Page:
Make your Hero
Remember High on Storytelling? By making your prospect the Hero of the narrative, you are appealing to ancient instincts that set their gears on and connect with the story at much deeper levels than by using abstract narrative and data.
Narratology states that the Hero’s Journey is the general framework of tales and lore. It involves a hero who goes on an adventure, and through a decisive crisis, earns a victory coming home changed by the experience.
See, the Hero’s Journey is a solid template you can use to create a narrative that puts the stakeholder as the central element of the classic Problem-Solution-Outcome sales momentum.
Let’s say Hellen is valiantly facing low sales that have been disseminating terror at Acme Inc. She embarks on a journey of discovery and adventure to find a solution and comes out from it changed, victorious, and with her boss’s and everyone else’s admiration and recognition. You can see how the whole thing gets immediately connected at an emotional level.
By Walking their Story, we get to collect information about where she comes from and where she’s headed. We also learn what struggle brought her to this moment and what she imagines that will happen as a result of talking to you. That journey of identifying the real obstacles, going through a process to solve them (having a conversation with you, for starters), and finally picturing the successful outcome are the tools that you need to Build the Dream.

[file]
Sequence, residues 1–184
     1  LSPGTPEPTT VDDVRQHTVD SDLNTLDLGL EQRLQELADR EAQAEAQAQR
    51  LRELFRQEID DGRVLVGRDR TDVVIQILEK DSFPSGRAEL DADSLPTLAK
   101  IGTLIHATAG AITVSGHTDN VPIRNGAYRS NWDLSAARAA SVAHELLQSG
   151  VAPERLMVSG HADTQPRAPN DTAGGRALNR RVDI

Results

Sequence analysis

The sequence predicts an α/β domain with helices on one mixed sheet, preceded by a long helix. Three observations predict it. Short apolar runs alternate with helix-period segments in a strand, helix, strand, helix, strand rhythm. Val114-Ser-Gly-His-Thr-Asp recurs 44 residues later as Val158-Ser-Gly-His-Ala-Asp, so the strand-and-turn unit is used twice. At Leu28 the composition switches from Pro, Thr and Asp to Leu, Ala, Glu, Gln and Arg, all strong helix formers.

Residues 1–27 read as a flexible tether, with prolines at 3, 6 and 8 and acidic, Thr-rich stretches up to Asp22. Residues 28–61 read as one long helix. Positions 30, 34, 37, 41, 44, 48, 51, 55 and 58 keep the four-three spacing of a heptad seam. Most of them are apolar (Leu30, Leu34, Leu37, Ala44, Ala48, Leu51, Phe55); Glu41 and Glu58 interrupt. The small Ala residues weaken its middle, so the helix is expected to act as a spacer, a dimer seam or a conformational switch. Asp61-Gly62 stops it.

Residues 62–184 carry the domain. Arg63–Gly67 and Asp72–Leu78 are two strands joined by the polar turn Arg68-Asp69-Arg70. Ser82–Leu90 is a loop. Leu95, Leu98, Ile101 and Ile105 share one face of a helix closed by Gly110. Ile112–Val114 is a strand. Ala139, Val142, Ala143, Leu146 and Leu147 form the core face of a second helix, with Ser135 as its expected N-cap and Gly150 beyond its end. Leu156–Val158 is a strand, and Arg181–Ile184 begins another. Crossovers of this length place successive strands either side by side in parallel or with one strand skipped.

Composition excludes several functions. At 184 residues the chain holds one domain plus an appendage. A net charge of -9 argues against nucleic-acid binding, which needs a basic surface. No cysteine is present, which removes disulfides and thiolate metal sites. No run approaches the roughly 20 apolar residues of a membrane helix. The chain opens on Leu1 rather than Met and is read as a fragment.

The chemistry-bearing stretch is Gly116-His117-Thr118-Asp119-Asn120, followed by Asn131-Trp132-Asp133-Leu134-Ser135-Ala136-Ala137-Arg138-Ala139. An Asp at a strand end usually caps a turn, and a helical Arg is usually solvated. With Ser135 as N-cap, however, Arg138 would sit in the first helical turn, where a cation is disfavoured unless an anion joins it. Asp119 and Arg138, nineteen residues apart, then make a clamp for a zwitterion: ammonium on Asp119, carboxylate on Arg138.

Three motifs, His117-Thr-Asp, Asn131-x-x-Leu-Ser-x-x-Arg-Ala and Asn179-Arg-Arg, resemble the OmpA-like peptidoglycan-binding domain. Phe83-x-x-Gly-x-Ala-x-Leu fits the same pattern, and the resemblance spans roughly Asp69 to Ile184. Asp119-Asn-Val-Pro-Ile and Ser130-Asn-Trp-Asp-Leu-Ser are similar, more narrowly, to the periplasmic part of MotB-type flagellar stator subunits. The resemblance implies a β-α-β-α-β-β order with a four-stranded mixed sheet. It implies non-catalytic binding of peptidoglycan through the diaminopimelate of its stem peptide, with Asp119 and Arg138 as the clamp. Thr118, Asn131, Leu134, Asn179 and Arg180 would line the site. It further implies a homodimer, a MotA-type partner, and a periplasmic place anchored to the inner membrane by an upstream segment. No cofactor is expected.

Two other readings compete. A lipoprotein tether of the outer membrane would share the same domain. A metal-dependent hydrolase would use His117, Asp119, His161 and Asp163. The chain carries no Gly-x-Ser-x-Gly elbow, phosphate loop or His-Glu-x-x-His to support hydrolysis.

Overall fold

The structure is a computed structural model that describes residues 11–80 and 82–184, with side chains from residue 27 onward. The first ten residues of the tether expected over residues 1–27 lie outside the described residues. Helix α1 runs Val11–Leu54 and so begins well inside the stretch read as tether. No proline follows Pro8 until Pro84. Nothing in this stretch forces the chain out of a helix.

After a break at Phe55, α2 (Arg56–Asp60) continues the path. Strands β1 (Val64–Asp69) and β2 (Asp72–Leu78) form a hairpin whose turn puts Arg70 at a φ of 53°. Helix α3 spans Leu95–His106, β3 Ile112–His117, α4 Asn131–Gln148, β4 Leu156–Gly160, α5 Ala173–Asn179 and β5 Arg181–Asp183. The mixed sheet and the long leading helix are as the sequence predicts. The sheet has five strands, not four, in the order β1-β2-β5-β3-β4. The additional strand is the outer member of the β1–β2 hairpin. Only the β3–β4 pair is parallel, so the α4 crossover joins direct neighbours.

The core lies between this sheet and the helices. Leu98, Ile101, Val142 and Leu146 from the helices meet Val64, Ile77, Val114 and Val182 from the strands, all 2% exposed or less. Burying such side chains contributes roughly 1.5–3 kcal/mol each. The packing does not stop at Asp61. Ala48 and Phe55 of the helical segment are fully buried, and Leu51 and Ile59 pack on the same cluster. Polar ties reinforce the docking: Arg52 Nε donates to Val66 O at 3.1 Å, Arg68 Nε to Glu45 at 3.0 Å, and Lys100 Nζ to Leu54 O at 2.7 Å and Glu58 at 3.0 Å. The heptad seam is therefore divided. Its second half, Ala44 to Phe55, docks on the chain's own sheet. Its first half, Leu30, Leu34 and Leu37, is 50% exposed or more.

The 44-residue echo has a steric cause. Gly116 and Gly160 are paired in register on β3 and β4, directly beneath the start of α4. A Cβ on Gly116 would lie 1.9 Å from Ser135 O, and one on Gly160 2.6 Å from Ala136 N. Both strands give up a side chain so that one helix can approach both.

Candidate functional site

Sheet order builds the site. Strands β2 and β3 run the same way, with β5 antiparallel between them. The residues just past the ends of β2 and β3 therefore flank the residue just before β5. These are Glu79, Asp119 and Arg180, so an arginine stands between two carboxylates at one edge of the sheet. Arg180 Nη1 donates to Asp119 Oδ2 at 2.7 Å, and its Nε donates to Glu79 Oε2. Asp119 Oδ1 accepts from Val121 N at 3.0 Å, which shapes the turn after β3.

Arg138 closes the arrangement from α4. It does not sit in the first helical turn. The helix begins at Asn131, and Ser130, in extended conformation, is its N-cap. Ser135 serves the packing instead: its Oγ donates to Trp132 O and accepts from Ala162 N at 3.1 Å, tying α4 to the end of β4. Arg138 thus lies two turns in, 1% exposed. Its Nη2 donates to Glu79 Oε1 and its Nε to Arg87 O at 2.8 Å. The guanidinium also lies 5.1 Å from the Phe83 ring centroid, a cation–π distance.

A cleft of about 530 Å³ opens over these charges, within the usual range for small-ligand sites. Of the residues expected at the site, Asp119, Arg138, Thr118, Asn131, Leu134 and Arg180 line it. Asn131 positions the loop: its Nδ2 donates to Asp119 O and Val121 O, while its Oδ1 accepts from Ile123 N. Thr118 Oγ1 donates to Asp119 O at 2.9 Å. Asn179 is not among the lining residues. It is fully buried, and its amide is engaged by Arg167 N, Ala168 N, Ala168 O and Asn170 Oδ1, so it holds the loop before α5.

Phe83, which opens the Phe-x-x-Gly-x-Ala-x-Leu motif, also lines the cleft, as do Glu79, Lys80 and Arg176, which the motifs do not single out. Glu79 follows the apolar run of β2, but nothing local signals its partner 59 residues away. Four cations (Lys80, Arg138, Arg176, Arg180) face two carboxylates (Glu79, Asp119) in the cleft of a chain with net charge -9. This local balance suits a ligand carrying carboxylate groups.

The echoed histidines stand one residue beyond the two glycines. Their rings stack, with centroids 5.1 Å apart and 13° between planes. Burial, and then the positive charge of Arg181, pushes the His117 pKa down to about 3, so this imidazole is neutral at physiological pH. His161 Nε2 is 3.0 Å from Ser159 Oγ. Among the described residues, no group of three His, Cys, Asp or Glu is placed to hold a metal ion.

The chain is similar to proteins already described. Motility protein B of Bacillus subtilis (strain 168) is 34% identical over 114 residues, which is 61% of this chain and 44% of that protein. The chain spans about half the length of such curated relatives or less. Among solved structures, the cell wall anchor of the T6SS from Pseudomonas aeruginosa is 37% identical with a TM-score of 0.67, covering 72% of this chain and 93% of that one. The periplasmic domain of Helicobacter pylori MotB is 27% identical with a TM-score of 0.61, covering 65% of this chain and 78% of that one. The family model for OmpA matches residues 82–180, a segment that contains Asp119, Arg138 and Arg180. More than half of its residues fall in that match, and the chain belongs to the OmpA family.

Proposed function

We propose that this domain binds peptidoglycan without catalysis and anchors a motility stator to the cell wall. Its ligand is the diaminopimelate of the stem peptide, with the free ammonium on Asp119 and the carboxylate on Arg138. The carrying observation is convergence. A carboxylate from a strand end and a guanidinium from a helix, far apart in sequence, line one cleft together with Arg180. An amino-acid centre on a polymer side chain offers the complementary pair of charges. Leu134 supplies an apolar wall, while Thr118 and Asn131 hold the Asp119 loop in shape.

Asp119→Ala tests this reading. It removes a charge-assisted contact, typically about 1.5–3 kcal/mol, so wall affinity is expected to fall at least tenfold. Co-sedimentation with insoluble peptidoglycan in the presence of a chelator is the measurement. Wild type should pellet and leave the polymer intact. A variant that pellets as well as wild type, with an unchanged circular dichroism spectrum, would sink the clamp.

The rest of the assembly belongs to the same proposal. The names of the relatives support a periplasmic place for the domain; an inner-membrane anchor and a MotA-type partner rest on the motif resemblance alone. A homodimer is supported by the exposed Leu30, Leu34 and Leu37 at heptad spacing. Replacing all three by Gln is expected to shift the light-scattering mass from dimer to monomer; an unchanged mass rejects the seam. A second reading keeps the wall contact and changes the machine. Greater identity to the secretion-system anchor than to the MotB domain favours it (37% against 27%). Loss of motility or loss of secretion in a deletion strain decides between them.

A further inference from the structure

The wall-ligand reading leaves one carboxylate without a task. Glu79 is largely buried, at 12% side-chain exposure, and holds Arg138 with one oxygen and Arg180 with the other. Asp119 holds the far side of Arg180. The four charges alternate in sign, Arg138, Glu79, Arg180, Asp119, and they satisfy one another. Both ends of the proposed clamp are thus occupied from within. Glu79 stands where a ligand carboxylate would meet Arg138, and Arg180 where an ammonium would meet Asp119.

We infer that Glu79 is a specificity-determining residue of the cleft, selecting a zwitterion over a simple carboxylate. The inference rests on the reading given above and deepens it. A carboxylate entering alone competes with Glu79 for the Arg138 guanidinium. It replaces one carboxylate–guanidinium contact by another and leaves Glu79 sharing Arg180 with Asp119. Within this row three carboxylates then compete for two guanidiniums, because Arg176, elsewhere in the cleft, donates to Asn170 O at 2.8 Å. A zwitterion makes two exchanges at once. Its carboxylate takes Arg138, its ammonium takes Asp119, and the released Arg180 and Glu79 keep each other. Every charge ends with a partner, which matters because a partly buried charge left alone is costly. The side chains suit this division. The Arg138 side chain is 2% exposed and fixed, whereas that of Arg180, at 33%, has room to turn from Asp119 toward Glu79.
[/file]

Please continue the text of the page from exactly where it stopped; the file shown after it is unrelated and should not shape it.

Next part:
Build the Dream
Building the dream is about helping Hellen picture how things will be once she becomes the Hero. What is the story in the future that we are building with Hellen that will drive her emotions (and behavior) in that direction?
We can use the details collected during our interactions so far to create a complete picture of how will be Hellen’s life (NOT about benefits or solutions for Acme Inc.) once she becomes the Hero. We will have, from her, a deep emotional commitment and a pull from the future to get there.
I am curious to find if I can help your team achieve the same results as I did for my clients. If you are curious too, get in touch with me directly using the form below.
Real Practice: A True Story
When I started working with Chris, he was suffering from very low engagement in presentations with his SDRs (Sales Development Representatives in an Outbound Prospecting model.) When we first spoke, I started taking some notes about the parts of the problem that created more stress in Chris.
By asking the right questions, I could build a picture of where he was coming from and what the pivotal points of the problem were.
The problem was this: Chris came from a different background, in which using a slide-based tool to present was fine, but now, his team was struggling to keep their prospects’ attention once the presentation started as they used a linear model that felt stiff and lacked relevance to each prospect’s specific concerns.